Able cable keeps News flowing

Cable TV revenue provided the crux of News Corp's solid last quarter – further undermining the doubters – while publishing remained a finely balanced affair.

For all the talk of a slowdown in cable TV and the emergence of cable cutting, there is rarely any evidence it’s actually happening.

If anything, cable TV is continuing to demonstrate it is a solid category with strong future growth prospects. This was evidenced in stronger than expected earnings from News Corporation for the October-December 2012 quarter, driven by an 18 per cent increase in cable TV revenue and a 7 per cent increase in operating income.

News Corp’s cable results were undoubtedly the highlight of another solid quarter. Revenue and net income were up overall, US cable advertising revenue rose 8 per cent, with non-domestic advertising revenue rising 29 per cent – the majority of this increase a positive result of strong local currency growth within key Asian markets.

Expenses were up 29 per cent, due to content acquisition costs – News Corp making large investments in increasing programming and rights around the NBA and UFC.

Cable continues to be a larger contributor to News Corp operating income. For the six months ending December 31, cable accounted for 64 per cent. For the same period in 2011 it was 57 per cent.

The filmed entertainment area was relatively flat – revenue for the quarter was just north of $US2 billion, with Taken 2 and Life of Pi contributing over $800 million in global box office across this period. Margins and revenue are stable, suggesting costs are being closely monitored and the division is managing to avoid any theatrical stinkers. The new Die Hard instalment is due February, which combined with the DVD releases of Taken 2 and Life of Pi should ensure stable earnings for the first quarter of 2013.

The free-to-air US TV business is currently lethargic. Operating income was up 18 per cent from $189 million to $224 million, however a lot of this was driven by an increase in re-transmission costs as opposed to an increase in advertising revenue. Lower ratings for the Fox FTA channels is impacting ad revenue.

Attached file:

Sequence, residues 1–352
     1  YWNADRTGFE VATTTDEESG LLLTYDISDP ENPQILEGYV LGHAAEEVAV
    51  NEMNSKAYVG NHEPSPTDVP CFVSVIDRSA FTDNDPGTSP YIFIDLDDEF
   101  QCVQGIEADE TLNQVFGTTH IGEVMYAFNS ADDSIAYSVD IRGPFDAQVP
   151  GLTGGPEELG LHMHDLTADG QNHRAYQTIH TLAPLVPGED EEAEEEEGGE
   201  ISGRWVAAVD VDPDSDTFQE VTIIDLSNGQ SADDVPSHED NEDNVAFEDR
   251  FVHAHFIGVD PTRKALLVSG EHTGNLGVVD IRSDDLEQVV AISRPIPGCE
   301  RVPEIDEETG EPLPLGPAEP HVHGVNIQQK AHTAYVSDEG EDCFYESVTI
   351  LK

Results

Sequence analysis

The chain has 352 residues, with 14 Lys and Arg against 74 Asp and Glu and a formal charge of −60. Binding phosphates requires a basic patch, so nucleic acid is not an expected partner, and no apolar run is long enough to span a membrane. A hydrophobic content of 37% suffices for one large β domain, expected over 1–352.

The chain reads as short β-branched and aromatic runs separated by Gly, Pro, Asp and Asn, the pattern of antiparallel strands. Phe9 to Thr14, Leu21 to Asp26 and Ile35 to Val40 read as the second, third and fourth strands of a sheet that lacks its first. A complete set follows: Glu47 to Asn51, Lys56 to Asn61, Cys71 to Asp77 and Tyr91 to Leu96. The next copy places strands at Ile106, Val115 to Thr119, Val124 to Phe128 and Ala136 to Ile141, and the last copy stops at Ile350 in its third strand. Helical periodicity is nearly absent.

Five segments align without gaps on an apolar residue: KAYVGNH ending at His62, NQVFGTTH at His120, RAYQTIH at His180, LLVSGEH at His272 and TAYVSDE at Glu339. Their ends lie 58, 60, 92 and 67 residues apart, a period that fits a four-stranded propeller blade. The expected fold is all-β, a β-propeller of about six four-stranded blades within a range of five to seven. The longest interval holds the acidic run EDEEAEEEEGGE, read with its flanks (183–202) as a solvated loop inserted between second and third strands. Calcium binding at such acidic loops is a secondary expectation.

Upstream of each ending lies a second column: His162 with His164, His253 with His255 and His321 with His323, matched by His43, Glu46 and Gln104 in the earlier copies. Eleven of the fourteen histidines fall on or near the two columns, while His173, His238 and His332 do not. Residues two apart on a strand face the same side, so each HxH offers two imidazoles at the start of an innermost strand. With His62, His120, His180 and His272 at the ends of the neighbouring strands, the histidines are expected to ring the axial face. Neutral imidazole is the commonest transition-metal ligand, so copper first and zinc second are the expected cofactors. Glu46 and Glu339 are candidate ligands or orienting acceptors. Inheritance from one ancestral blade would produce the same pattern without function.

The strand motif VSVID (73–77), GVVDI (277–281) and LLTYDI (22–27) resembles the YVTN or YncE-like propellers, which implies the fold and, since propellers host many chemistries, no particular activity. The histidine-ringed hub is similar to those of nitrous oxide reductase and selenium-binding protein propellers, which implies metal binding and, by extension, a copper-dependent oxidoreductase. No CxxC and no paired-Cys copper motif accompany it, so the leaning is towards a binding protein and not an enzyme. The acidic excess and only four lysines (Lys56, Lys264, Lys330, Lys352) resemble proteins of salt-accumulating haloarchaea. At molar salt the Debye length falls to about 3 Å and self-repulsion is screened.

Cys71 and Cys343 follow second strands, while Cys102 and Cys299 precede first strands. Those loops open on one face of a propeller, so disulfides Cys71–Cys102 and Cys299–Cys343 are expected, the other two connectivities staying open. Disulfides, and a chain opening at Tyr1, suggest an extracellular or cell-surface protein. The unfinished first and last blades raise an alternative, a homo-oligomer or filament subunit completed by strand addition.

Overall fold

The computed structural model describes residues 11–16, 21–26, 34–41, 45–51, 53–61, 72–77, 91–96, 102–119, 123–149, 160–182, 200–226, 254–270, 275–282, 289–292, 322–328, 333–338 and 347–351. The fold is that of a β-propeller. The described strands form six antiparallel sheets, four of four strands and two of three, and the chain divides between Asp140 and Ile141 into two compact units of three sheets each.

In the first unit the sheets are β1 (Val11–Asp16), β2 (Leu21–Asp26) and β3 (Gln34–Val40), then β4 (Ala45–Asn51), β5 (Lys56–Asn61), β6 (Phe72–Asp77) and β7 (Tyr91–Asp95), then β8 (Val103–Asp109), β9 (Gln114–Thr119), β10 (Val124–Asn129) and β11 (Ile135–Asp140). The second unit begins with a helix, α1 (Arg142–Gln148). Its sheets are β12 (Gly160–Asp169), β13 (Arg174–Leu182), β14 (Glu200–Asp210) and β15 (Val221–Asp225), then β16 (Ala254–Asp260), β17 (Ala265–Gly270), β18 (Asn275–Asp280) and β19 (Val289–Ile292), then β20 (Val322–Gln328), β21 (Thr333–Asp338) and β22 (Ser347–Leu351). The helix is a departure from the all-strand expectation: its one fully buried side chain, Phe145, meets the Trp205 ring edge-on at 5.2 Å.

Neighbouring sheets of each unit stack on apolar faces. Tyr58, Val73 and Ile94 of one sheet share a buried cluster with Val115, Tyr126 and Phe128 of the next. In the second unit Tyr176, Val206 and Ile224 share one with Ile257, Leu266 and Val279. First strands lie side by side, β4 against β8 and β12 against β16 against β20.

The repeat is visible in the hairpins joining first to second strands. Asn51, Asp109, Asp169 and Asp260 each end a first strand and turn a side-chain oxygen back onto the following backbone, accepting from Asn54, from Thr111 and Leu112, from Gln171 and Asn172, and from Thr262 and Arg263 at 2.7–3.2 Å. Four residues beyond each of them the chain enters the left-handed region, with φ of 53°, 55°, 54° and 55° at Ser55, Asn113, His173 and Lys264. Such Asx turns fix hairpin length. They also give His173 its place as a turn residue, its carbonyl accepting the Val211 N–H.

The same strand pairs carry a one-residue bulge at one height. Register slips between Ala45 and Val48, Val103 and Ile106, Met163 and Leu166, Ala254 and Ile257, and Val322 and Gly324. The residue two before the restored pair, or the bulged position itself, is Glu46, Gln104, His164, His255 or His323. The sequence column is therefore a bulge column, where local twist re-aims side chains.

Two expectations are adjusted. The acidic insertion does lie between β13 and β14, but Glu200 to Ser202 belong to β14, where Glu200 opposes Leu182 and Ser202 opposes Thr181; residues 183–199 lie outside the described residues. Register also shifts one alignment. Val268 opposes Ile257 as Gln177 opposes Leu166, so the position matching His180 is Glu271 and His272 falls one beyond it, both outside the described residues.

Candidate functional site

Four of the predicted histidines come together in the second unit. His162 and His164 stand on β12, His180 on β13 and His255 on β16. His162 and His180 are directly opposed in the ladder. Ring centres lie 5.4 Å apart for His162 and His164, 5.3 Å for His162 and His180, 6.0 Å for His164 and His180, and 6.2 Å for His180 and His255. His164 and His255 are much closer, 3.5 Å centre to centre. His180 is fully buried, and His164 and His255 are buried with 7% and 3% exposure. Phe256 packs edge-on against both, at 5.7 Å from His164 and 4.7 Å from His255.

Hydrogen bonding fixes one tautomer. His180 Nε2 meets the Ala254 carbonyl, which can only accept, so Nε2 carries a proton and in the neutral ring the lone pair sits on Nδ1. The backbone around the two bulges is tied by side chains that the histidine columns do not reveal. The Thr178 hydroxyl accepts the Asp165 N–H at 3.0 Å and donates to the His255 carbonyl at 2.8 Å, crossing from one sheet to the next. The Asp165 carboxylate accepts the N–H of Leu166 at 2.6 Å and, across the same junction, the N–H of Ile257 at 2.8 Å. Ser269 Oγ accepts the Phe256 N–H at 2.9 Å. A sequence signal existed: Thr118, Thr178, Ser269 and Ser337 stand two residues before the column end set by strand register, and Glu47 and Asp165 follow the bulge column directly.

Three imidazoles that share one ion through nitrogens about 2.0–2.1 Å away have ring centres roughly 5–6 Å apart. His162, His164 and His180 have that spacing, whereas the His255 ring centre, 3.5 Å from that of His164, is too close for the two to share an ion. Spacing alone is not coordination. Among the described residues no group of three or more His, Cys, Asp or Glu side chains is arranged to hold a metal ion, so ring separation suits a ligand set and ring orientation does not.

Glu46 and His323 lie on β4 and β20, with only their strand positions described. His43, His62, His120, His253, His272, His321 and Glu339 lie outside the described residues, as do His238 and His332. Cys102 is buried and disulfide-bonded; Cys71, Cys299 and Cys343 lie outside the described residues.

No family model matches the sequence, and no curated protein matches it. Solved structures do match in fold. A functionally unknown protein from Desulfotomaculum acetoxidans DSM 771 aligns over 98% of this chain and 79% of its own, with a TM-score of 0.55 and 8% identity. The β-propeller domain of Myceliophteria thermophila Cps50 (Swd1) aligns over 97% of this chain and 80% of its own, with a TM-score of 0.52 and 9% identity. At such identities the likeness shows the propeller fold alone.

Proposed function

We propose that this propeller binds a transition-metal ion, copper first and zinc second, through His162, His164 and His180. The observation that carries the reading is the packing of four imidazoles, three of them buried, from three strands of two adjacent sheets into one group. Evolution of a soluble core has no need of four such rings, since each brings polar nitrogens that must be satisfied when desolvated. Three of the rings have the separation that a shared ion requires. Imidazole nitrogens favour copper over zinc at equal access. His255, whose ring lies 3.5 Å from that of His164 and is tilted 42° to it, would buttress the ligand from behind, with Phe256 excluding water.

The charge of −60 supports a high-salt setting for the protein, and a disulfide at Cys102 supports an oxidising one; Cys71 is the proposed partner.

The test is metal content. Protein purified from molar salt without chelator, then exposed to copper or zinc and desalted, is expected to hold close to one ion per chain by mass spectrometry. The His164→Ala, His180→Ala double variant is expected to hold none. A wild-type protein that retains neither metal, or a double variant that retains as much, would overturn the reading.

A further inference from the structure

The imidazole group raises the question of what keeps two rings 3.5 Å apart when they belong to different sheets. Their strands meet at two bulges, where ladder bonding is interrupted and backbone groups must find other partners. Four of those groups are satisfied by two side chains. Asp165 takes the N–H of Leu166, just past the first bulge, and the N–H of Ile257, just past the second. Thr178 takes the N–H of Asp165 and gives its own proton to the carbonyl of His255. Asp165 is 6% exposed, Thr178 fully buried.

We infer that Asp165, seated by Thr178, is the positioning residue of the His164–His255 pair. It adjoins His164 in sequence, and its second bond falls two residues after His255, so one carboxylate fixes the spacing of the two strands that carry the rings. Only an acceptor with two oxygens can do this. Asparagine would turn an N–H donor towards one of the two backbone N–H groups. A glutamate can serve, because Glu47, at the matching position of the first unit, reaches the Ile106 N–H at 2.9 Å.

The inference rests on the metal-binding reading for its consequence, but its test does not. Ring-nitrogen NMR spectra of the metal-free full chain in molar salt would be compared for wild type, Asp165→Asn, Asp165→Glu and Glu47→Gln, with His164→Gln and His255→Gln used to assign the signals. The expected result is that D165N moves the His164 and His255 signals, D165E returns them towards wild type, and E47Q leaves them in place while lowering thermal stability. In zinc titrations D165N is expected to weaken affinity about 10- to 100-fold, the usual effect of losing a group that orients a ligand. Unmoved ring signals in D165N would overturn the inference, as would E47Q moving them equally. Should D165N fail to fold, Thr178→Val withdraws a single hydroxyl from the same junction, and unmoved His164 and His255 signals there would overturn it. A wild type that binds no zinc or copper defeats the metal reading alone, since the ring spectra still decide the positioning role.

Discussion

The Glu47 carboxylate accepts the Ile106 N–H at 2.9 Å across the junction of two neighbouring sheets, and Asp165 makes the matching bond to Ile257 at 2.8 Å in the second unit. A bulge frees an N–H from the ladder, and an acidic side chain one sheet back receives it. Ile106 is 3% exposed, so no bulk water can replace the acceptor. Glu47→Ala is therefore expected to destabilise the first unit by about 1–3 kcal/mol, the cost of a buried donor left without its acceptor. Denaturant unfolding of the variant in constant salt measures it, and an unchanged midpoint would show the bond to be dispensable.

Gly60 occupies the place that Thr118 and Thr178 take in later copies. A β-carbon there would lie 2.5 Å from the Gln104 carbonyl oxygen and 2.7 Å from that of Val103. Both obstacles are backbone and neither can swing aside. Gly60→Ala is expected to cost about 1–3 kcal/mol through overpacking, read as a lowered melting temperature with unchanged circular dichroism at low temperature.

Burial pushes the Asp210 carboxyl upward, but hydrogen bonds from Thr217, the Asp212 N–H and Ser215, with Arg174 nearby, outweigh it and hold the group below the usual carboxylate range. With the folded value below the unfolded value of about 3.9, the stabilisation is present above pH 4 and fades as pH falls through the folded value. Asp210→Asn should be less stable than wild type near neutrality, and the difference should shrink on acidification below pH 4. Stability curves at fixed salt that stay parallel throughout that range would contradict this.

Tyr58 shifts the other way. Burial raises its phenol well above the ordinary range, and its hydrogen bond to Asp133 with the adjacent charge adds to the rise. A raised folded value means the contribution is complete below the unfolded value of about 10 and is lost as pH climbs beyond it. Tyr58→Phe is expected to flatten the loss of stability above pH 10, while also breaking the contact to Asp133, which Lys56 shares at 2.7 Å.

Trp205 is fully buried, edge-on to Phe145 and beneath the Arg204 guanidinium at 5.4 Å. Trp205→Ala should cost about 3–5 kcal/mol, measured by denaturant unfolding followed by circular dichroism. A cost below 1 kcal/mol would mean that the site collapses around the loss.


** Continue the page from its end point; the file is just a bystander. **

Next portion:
Publishing is in a similar situation – revenue at $2.14 billion for the quarter was flat, with operating income up 7 per cent to $234 million. The company reported Australian advertising revenue was down, but didn’t disclose how much. Standard Media Index data reported that in October, Australian newspaper ad revenue from media agencies was down 23 per cent year-on-year.

The big challenge for News in publishing is improving – or at worst, holding – margin. The publishing business has operating margins around 10 per cent, whereas cable has margins in excess of 35 per cent with Fox Filmed Entertainment at 18 per cent. This may prove to be difficult with unprecedented change in the Australian advertising market causing some pretty rapid investment moves in terms of allocation of ad spend by channel.

A glance at News’ confirmed investments over the December quarter demonstrates that it has an appetite to continue to build its position within cable TV. A spend of $350 million saw it acquire a controlling interest in European sports rights holder Eredivisie Media and Marketing, allowing it to obtain the media and broadcasting rights for the Dutch Premier League.

News also acquired 49 per cent of the YES Network in the United States – a pay TV channel which holds large sporting broadcast rights in the New York and New Jersey area, including the New York Yankees and the Brooklyn Nets. It made a similar purchase for Ohio based broadcaster Sports Time Ohio. In addition, there is the purchase of Consolidated Media Holdings which means News owns 100 per cent of the highly valued Fox Sports brand and 50 per cent of the Foxtel business here in Australia.

Given that in Australia, the publishing arm and broadcasting – Foxtel and Fox Sports – will be merged that may mean a joint sales structure may take a much more significant role in the sale and commercialisation of both Fox Sports and Foxtel, perhaps creating an advertising product that extends across newspaper, print, online and cable TV.

News Ltd chief executive Kim Williams has made some bold moves to date, so the concept, while ambitious, could happen.

Print and newspaper hitching a ride to the momentum of pay TV isn’t the worst idea in theory – however practice is a different matter.

Ben Shepherd is a media and technology consultant. He blogs at Talking Digital.

News Corp is the parent company of News Ltd, owner of Business Spectator.

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